Culinary tours of Tuscany or Umbria that won't break the bank?
I've been looking at culinary tours in Umbria and Tuscany and the prices take my breath away (and none of them include airfare, even). Has anyone ever taken such a vacation without applying for a second mortgage? Please share! Thanks.
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My honeymoon was in Tuscany. We rented apartment that used to be an old barn, in a town just 20 minutes outside of Florence. We didn't have an agenda either. Just drove towards whatever town that we felt like. The process was the same for each town/city, park at the train station, go to the city center (centro), and explore. In the town of Greve in Chianti, we found a bulletin board of wine tours and cooking classes. We signed up for a wine tour of Castello di Verazzano. It was incredibly fun because the tour guide was so hilarious and it was a beautiful property. The wine tour included a 'light' lunch of prosciutto, tomato bruschetta, roasted pork loin, and vin santo with cantucci for dessert and lots of the estate wine. The cost at the time was about EUR 40 pp.
We also signed up for a cooking class at a B&B in Panzano in Chianti, called Fagiolari. Giulietta and Stefania taught us how to make fresh pasta, a fantastic turkey roulade, sage pesto, and a delicious & very simple apple cake. We got an apron, cookbook, and fabulous meal for EUR120.
Be flexible and ask your hotel or landlord (if you are going the self-catering route) for info on cooking classes, places to visit or tours. Our landlord offered a home-cooked Tuscan meal for EUR20, which we accepted twice. And check out the supermarkets. The one near our apartment, The Co-op, had spinach/ricotta crespelles that were insanely good for supermarket prepared foods. One day, they even had fresh porcini and chanterelles at reasonable prices.
If you are thinking of going into the Emilia-Romagna area, please remember that this area was hit with a pretty strong earthquake in May. Lots of heritage buildings were damaged. Thankfully only minimal human losses (17 people?). This is the area that produces the famous parmigiano reggiano. They were looking at a EUR 200M loss to the industry back in May. I don't know how much progress they've made in the last 2 months, but they are probably still rebuilding.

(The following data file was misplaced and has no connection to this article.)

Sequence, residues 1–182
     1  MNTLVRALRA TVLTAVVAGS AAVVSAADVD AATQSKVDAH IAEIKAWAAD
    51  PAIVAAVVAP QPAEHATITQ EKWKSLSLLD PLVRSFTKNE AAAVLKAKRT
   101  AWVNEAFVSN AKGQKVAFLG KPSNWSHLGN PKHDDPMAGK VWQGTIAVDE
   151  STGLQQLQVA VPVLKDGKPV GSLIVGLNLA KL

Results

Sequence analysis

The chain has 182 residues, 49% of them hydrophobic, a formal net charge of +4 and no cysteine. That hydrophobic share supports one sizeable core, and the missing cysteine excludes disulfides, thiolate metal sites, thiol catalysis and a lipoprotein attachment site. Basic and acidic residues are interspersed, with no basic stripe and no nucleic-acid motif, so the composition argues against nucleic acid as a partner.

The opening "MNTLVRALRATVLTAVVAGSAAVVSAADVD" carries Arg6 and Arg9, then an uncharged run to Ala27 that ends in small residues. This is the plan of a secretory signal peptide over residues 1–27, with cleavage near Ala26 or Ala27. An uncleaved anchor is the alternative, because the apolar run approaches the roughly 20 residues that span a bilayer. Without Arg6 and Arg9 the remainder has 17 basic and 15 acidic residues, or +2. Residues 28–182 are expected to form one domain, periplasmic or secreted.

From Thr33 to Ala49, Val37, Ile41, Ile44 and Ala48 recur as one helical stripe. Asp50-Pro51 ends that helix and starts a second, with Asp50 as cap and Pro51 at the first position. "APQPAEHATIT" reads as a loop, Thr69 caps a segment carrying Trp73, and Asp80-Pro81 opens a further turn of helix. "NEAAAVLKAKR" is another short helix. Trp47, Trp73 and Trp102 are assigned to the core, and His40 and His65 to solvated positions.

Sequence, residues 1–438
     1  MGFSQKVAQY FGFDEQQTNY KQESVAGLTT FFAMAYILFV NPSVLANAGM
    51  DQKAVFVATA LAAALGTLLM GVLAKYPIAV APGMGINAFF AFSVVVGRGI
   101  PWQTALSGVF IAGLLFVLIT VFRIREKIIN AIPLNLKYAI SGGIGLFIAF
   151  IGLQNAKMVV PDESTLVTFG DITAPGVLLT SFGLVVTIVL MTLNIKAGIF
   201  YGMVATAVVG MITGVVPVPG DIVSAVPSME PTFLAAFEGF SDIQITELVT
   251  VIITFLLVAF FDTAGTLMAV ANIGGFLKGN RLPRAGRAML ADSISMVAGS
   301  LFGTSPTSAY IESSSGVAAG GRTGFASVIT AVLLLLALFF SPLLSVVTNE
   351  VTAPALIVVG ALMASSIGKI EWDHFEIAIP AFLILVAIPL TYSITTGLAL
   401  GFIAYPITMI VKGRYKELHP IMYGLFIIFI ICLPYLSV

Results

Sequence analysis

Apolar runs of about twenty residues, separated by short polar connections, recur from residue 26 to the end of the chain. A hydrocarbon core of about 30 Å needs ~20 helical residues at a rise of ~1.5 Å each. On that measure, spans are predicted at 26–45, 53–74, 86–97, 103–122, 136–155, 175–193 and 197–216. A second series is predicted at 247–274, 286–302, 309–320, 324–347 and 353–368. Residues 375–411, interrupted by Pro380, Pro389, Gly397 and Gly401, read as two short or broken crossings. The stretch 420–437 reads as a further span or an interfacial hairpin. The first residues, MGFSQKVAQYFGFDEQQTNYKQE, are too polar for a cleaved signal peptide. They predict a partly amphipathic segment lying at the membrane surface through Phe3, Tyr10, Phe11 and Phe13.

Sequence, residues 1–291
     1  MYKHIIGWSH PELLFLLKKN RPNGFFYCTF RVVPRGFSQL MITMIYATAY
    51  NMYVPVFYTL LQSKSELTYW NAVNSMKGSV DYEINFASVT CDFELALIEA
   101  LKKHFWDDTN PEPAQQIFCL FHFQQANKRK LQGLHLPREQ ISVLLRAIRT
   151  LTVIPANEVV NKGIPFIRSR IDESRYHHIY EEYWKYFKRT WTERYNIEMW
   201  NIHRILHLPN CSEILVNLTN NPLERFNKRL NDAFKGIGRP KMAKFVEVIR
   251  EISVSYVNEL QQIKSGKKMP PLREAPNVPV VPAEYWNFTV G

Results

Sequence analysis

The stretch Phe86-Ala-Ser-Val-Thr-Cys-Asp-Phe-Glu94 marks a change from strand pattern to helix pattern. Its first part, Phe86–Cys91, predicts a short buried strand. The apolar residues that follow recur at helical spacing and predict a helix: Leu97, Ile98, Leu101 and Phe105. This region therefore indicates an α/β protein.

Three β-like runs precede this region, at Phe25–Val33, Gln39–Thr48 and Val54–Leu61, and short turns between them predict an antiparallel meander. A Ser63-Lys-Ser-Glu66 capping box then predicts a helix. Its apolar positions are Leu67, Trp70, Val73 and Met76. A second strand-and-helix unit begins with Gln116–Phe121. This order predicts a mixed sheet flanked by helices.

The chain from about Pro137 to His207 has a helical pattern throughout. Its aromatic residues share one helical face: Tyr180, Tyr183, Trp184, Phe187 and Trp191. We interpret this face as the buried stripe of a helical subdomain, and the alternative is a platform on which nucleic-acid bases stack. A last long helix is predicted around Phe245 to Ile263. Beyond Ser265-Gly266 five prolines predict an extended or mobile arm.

I'd actually recommend looking outside of Tuscany (in particular) for cooking experiences - for example Bologna or Piedmont.
I completely agree with Pierino that self-guided tours are the best way to go - not only from a price perspective but to design what you want out of a travel experience. I travelled for a year with basically nothing pre-arranged and rarely had a problem arranging a day tour or cooking class at short notice - even the night before. (Admittedly that style of travel does take a touch more flexibility than the average American vacation calendar allows).
I have spent much time in Italy, both traveling on my own and taking part in cooking courses. I almost always choose to travel on my own, but the cooking courses offer different experiences and the chance to get to know a location in a different way. I think either way is a good choice, just depends what you want to get out of it.
In the last few years, Umbria, unfortunately, has been discovered and prices have reacted accordingly. It is hard to miss it, since it is close to both Rome and Florence. Just because it is getting more tourism doesn't mean it is less charming, but it does mean higher prices.
I took one cooking course in Tuscany, near Cortona. It was good enough, but in the end it was the most expensive of the cooking programs I have signed up for and it was the least enjoyable, mostly because I found the participants to be totally unengaging. They had more money at their disposal than creativity or enthusuasm.
I highly recommend The Awaiting Table cooking school in Lecce, Puglia. Puglia is the heel of Italy and is a bit off the tourist trail. Sylvestro, the owner of the school, teaches the cooking sessions and introduces participants not only to the visually delightful, historic Baroque town of Lecce, but also to a host of people in the small shops, public market, and wine stores. Participants stay in comfortable B&Bs and begin the day in a bar (in Italy, a bar is a cafe, almost a community center, that serves coffee drinks, light lunches and perhaps granita as well as alcoholic drinks). Over cappuccini and cornetti, Sylvestro outlines the day's activities, and then the adventures begin. The mornings were devoted to gathering supplies for lunch and dinner. The cooking lessons followed at the school, located in a palazzo deep within the labyrinthine center of town. We learned about ingredients as well as techniques. Each person participated completely--with lots of hands-on work. During my session, participants got to know each other and genuinely enjoyed working together as a team.
Most importantly, though, you get to know Lecce and feel the warmth of its inhabitants and the daily rhythms of life. I still think of the cappucino, just squeezed orange juice, and cornetti I ate every morning for breakfast brought to the table by the smiling, gracious owner of the bar and of the long, happy meals gathered at Sylvestro's candle-lit table where the Puglian wines flowed. In fact, I enjoyed it so much that I am going back in November. You can find more info at awaitingtable.com.